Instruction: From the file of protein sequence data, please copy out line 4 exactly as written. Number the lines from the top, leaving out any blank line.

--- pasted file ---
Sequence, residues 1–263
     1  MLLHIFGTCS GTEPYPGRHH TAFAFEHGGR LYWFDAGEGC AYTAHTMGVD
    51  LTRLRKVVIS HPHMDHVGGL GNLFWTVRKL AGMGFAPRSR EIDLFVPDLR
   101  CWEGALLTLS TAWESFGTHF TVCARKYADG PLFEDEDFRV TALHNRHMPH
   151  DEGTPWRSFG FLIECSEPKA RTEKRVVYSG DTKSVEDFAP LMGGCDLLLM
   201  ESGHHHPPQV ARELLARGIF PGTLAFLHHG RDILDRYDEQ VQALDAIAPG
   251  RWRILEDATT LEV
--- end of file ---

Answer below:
   101  CWEGALLTLS TAWESFGTHF TVCARKYADG PLFEDEDFRV TALHNRHMPH